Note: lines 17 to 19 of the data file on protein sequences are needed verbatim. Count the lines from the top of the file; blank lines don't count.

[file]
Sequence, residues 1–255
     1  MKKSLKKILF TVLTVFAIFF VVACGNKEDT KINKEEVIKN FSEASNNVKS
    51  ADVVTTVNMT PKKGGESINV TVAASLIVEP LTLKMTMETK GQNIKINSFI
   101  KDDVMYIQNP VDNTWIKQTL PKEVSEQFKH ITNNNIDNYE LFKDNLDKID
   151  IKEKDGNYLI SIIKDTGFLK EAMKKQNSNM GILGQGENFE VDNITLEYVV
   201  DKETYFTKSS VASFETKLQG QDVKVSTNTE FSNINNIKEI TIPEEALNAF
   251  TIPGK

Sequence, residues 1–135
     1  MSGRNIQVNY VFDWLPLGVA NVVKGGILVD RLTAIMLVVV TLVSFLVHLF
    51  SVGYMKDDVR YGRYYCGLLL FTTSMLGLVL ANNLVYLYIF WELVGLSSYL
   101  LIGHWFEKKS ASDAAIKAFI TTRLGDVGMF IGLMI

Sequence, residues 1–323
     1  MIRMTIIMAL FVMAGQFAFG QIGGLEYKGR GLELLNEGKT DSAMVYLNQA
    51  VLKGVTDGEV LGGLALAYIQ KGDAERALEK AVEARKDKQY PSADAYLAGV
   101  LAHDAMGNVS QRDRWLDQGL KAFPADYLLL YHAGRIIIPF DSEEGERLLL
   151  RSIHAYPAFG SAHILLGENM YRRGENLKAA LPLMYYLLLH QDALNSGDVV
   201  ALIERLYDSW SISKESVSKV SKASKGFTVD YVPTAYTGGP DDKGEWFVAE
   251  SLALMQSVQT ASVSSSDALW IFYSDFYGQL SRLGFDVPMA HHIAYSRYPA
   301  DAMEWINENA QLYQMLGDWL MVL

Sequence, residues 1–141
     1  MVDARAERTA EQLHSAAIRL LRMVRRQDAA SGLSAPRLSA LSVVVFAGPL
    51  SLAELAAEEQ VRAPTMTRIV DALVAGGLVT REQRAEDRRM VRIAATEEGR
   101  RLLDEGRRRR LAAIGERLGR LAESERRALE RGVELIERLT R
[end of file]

   201  ALIERLYDSW SISKESVSKV SKASKGFTVD YVPTAYTGGP DDKGEWFVAE
   251  SLALMQSVQT ASVSSSDALW IFYSDFYGQL SRLGFDVPMA HHIAYSRYPA
   301  DAMEWINENA QLYQMLGDWL MVL